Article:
Utrecht, The Netherlands, August 31th 2022

This is conclusion of an experiment by the Dutch journalistic research platform Pointer.

State Secretary for Health Maarten van Ooijen is shocked: “This is dramatic.” The journalists of Pointer opened a TikTok account as a 13-year-old and scrolled through the social media platform for an hour. They entered searches such as “drink challenge” and “mixing drinks” to feed TikTok’s algorithm and were shown more than 200 videos where alcoholic drinks were visible.

The fact that so much alcohol can be seen on TikTok is remarkable, because it is prohibited by the Dutch law on television to advertise alcohol between 6 A.M. and 9 P.M. to protect children. This legal rule does not exist for social media and therefore cannot be enforced. “The Media Act was drawn up at a time when the online offer was completely different than it is now,” said a spokesperson of the Media Authority. It is not clear whether the films are promoted by the drinks industry or whether video makers simply like to make films with alcohol. The alcohol industry says that they do not advertise on TikTok and TikTok also indicates to Pointer that alcohol advertising is prohibited on their platform. A TikTokker who makes videos called ‘Shot of the week’ says about it to Pointer: “It would be nice if I was paid for it, but it’s not.” He makes the videos mainly for his own brand awareness and knows that minors also see it: “Do you discover a loophole in the law or do you just do what you like?” In terms of influence on the alcohol use of young people, it does not matter whether it is commercial advertising. Hanneke Hendriks of the Radboud University in Nijmegen researched it: “Even a fairly innocent post, in which alcohol is alone on the table, turned out to increase the chance that young people will drink and these kinds of videos Pointer discovered are much more extreme.”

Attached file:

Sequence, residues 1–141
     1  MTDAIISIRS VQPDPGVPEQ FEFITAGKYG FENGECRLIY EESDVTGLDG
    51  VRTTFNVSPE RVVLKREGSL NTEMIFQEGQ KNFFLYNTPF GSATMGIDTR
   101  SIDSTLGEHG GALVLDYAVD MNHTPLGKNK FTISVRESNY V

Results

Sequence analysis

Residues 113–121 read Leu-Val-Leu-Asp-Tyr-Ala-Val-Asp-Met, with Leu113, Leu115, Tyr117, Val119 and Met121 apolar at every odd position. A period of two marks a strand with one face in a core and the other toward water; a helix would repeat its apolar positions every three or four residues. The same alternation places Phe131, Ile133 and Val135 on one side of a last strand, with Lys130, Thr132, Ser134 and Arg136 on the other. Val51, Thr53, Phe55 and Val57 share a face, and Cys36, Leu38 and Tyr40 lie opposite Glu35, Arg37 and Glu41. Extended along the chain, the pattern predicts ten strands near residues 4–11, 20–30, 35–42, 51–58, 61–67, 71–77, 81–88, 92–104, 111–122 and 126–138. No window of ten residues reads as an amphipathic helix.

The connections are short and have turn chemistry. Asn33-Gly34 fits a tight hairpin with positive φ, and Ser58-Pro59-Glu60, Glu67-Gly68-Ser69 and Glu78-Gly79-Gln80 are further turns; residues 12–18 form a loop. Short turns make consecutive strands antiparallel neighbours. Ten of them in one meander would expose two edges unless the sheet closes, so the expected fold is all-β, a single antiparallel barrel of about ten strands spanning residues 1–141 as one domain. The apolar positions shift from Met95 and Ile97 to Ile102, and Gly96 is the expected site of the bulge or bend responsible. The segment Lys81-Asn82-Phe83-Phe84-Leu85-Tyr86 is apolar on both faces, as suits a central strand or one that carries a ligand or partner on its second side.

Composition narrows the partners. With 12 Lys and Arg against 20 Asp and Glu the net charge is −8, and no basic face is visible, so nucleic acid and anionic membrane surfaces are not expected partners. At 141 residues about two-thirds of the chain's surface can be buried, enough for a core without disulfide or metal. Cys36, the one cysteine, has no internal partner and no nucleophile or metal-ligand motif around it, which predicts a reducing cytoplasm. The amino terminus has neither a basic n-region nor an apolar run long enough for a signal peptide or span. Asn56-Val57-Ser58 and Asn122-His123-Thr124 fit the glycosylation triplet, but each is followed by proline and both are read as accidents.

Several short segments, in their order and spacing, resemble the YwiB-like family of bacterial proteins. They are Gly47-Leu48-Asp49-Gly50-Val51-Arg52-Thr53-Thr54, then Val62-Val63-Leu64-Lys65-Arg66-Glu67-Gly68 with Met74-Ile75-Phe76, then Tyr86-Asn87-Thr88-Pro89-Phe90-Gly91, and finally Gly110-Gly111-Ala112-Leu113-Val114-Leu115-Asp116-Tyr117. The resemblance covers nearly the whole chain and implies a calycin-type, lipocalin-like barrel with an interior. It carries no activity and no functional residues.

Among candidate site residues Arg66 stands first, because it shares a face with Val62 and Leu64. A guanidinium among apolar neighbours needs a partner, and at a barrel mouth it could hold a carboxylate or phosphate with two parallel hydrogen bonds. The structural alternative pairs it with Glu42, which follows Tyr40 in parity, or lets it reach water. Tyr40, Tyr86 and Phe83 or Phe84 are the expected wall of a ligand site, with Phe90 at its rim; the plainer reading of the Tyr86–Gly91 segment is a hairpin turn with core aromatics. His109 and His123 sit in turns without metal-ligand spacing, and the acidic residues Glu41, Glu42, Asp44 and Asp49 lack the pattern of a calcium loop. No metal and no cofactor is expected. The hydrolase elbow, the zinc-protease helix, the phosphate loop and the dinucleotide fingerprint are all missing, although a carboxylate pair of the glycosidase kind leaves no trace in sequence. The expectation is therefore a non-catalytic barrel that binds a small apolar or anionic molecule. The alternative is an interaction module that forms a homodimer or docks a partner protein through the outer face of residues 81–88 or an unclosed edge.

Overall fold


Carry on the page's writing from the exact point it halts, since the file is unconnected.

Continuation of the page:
In line with the National Prevention Agreement, secretary of state of the Ministry of Health Van Ooijen is trying to rigorously reduce alcohol use among teenagers, because it is harmful to the developing brain. “We should not want children to see this.” Van Ooijen will look into it, but is not very hopeful: “It is practically very complicated in an online social media environment to reduce this. So it will not be easy to get this out of the timeline of children.”

Original message: https://pointer.kro-ncrv.nl/wat-ziet-noah-13-aan-alcohol-op-tiktok


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